The Boston Globe | By Adrian Walker
September 29, 2016
Even as he surveys Boston from his office above the Seaport District, Jon Cronin’s voice bears the unmistakable lilt of his native County Cork, Ireland.
It was there that he began his improbable rise from accidental immigrant to developer. Cronin came to Boston for a visit 26 years ago. He was just passing through for a week or so, visiting some buddies, on his way to Australia. He stayed when he found out how much cash he could pocket in a day’s work as a house painter. Australia could wait.
“It was tons of money — in cash,” Cronin says with a hearty laugh. “Twenty-six years later, here we are. What a great city.”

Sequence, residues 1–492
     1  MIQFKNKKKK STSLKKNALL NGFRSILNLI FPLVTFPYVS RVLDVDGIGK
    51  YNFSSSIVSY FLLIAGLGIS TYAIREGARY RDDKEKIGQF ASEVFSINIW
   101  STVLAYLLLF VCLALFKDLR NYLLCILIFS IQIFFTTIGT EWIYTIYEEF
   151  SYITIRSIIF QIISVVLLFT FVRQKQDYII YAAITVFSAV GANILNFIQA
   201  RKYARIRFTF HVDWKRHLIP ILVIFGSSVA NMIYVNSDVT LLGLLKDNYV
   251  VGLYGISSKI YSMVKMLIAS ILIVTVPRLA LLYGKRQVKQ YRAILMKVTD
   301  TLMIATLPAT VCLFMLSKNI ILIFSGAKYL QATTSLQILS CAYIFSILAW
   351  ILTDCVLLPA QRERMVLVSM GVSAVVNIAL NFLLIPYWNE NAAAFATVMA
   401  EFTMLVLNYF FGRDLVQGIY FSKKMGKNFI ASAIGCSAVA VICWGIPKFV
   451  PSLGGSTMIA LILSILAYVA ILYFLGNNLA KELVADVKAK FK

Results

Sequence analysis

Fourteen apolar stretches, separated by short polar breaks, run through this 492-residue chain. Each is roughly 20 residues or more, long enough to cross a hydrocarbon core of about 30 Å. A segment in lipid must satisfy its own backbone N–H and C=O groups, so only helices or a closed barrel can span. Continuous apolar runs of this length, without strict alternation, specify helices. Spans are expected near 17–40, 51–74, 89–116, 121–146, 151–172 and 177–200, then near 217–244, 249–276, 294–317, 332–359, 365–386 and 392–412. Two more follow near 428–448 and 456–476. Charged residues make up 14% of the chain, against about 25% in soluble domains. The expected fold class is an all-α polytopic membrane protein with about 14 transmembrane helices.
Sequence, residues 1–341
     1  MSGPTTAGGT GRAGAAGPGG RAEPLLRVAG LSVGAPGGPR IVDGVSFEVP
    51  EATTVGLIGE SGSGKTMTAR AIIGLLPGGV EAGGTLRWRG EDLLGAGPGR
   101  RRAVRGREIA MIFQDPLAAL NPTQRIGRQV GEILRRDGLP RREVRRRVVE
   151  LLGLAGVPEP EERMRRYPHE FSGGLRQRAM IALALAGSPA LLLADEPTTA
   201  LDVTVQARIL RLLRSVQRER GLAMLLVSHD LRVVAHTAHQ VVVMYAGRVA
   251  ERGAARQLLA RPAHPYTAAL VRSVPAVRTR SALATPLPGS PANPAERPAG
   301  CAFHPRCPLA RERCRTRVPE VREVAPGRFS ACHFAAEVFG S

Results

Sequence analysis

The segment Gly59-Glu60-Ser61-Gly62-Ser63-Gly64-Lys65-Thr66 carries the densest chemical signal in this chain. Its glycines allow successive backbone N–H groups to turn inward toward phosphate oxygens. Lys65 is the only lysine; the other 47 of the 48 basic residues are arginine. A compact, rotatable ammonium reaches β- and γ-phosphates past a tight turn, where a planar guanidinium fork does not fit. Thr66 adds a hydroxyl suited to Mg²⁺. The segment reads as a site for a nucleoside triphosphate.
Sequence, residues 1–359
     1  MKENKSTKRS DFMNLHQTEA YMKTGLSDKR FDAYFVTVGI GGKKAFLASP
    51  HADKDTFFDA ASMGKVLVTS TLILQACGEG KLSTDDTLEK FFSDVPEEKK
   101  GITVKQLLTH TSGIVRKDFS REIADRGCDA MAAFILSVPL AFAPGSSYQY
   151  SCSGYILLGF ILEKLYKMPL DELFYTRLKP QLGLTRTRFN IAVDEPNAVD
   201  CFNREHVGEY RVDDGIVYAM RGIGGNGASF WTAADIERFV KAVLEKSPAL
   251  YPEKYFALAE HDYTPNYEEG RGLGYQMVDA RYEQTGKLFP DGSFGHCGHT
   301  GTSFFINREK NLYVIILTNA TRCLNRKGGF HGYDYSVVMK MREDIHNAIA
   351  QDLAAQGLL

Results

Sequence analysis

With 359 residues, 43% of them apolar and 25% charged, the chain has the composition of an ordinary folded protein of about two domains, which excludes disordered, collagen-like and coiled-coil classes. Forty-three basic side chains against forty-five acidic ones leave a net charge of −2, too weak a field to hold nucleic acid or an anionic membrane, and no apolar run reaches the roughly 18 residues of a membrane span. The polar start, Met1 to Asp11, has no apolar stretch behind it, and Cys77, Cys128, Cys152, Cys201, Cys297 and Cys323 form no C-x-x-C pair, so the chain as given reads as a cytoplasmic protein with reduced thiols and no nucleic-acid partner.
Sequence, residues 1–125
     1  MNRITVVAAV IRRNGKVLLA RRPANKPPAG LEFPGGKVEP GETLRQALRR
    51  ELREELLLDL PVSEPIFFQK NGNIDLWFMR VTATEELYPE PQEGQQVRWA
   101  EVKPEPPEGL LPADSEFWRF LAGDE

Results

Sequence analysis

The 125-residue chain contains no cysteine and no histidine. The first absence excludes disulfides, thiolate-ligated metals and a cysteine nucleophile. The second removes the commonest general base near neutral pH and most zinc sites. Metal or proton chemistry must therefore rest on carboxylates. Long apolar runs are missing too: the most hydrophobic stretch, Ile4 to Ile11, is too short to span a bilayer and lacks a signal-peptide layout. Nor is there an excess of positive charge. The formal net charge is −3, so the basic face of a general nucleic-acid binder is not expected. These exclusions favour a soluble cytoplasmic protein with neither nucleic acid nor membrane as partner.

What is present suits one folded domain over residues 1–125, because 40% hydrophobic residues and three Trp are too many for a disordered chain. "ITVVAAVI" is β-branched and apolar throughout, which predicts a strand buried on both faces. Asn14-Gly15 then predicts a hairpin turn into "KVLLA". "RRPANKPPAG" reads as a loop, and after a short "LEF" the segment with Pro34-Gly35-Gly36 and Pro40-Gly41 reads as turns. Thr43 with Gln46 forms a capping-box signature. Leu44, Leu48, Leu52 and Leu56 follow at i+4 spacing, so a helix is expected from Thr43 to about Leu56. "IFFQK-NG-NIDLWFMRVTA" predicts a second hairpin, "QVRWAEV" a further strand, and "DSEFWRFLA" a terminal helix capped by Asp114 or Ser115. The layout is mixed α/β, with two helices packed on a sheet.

Cronin now finds himself in the center of a dispute that has implications for the development of the Seaport District. His company would like to replace two old-school bars — Whiskey Priest and Atlantic Beer Garden — with a 22-story condominium development. The winding, corkscrew-shaped building he has proposed looks like nothing else on the waterfront; it is a direct response to Mayor Marty Walsh’s call for more distinctive design in the neighborhood.